Wednesday, June 4, 2014

Down the Rabbit Hole…, or My Adventures in Self-Publishing

by Janis Susan May
I put off self-publishing my backlist for a long time. Not that I didn’t want my early books given new life or to find new readers. I was even entranced at the thought of maybe making the kind of BIG MONEY that some self-pubbers are. (Am still waiting for that…)

So why did I wait? Because I am such a thoroughgoing techno-naif the entire process terrified me. (Yes, there are services who do this sort of thing – I couldn’t afford them.) As one who can open and save a Word document and feels inordinate pride in being able to read and respond to emails, the idea of putting up a book was overwhelming. What if something went wrong and I looked like even more of an idiot than I already felt? What if I pushed the wrong button and my book disappeared? What if I pushed a bunch of wrong buttons and crashed Amazon or Barnes&Noble? (Yes, I do tend to overestimate my abilities.)

Finally, after a small amount of my favorite adult libation and a heartening pep talk from The Husband, I put up my first ebook to a resounding round of… silence. The first review complained about the formatting, over which I had slaved. The second trashed my baby so badly we were both bleeding, so I and my ego crawled into a metaphoric hole and pulled the dirt in over us.

The Husband was relentlessly encouraging, and urged me to persevere. I had enough royalties from my trad published books to hire a formatter and buy some inexpensive pre-made covers for a few more books so I gave in. My sales inched up and I was overjoyed.

Time passed. I became less terrified of the process. The Husband pushed me again, even though I told him it would probably be a couple of centuries before we could retire (his dream) on my writing income. We went back to the drawing board and he agreed to float my writing career a much-needed loan.

I found an incredible cover artist who, for a surprisingly reasonable amount, created a fantastic cover that would do for both paperback and ebook. (Most pre-made ebook covers will not go for paper – the resolution is too low to print well. Who knew?) She also created a beautiful logo for my newly christened publishing company, Sefkhat-Awbi Books, a name that resonates with both The Husband and me as both of us are enthusiastic amateur Egyptologists. For those who are curious, Sefkhat-Awbi is an obscure New Kingdom regional variant on the name of Sheshat, the Ancient Egyptian goddess of writing.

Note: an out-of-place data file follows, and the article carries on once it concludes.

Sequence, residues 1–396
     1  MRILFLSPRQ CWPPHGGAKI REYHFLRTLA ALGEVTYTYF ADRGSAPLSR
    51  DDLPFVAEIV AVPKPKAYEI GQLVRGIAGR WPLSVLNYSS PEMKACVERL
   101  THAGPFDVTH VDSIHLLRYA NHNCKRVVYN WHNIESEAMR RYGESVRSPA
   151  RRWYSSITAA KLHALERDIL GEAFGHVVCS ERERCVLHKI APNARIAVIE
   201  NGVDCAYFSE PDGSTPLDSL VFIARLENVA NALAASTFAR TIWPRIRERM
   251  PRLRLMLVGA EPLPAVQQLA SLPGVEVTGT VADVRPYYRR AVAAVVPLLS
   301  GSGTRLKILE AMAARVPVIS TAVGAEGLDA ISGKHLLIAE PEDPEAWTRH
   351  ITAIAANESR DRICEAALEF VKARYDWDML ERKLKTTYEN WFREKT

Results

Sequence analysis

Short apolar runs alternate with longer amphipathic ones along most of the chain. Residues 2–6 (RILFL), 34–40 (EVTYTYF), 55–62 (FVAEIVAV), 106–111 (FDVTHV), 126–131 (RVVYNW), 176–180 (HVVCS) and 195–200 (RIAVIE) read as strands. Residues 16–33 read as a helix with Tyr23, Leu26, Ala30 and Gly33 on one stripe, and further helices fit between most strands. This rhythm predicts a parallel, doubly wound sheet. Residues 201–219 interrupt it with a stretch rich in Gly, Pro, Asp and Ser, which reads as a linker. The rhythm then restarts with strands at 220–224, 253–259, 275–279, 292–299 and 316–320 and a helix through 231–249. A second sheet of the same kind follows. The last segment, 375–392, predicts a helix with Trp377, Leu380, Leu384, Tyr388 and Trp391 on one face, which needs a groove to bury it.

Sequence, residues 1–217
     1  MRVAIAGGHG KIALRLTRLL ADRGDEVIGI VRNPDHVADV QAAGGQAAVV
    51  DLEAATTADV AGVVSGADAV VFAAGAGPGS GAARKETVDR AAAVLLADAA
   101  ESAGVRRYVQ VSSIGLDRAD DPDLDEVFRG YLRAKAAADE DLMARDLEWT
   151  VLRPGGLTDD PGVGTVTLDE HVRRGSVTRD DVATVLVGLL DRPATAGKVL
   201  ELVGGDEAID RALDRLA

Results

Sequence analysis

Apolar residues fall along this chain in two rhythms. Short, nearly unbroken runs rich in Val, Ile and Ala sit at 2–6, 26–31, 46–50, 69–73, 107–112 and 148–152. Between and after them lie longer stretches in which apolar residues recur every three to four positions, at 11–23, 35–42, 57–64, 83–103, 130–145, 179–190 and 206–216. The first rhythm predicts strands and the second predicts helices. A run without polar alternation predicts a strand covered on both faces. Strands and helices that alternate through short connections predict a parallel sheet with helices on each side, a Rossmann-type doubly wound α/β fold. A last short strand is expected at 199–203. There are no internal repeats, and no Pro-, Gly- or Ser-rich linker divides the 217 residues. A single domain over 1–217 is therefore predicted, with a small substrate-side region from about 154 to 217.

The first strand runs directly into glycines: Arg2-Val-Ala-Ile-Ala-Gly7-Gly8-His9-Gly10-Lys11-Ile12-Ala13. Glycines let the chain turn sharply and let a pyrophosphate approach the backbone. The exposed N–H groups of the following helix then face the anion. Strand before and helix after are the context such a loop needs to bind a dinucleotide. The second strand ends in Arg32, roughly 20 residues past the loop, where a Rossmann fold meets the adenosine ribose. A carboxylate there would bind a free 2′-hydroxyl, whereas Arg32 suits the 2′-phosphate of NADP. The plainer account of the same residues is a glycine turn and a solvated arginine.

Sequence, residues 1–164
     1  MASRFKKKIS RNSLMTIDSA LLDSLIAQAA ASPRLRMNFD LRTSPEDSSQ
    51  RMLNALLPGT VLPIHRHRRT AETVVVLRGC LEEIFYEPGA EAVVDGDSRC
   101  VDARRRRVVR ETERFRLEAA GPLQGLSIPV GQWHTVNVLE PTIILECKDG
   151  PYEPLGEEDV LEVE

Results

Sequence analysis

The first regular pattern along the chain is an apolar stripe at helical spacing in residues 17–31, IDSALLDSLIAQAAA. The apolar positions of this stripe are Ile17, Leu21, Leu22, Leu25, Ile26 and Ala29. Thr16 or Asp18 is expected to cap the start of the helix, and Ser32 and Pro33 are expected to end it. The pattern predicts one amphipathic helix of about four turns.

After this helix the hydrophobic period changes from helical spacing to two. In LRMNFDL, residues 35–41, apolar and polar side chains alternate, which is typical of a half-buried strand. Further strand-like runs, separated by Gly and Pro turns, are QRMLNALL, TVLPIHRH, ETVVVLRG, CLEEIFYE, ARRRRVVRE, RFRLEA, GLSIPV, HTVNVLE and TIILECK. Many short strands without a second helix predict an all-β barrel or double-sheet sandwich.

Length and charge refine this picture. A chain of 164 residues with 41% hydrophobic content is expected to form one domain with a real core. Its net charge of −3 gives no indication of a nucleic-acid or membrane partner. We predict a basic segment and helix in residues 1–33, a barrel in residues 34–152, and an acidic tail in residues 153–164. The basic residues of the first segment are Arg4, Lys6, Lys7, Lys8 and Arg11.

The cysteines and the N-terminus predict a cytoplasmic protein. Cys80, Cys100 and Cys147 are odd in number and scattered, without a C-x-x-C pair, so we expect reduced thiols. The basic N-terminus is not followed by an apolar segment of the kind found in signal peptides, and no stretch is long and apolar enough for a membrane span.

I went back to my fave formatter, who not only re-formatted my newly tidied ebook but created a paperback that would rival anything done by New York. Frankly, considering some of the things that have come from the Big 5 recently, it looks much better than many a New York product!

Curious about the result? FAMILY OF STRANGERS is a traditional Gothic romance set in Victorian-era Scotland and is now available from better retailers. (The paper version can even be ordered through brick-and-mortar stores as well as on the net!) Here’s the cover …

Stay tuned – I’ve scheduled a few more Gothic mysteries (not necessarily set in Scotland, though), a clutch of traditional Regencies, a couple of international romantic adventures and a cozy mystery or two to come.

I’m not to the point of feeling smug or truly comfortable with the process of being my own publisher yet, but it’s getting less intimidating by the day!


  1. Love your blog entry! I'm impressed with anyone who can conquer to techy part of indie publishing. I knew enough not to even try it! I At least you gave it a try before paying someone as I did from the beginning! Good luck with your venture!

  2. Kudos, Janis. Having self-pubbed my last two books, I feel like we fought in the same foxhole. The self-publishing world is not an easy one to conquer, but you're well on the way. The book looks great - very professional. Good luck with it.

  3. I have to use a service. My technology skills consist of off and on. I don't think I could do it on my own and do it well.

    Congrats for going through the process. Mrga sales to you

  4. Great cover. It's a big step to take, but you seem to have done it well.

  5. Janis, it looks wonderful! All the best!

  6. It is a scary first step, and just as scarier the second time. I went the route of hiring a cover artist and formatter for my first indie published nonfiction title, Writing the Cozy Mystery. My next self-pub project is also nonfiction. I'm hoping one day to dip into the waters of indie publishing an original novel, but that's down the road. Keep going with your projects. Supposedly the more you have out there, the better.

  7. Schweet! Very nice job! It looks very professional and sounds like a great story. And there's a special little place in my heart for all things Scottish. Scottish Gothic. Neat.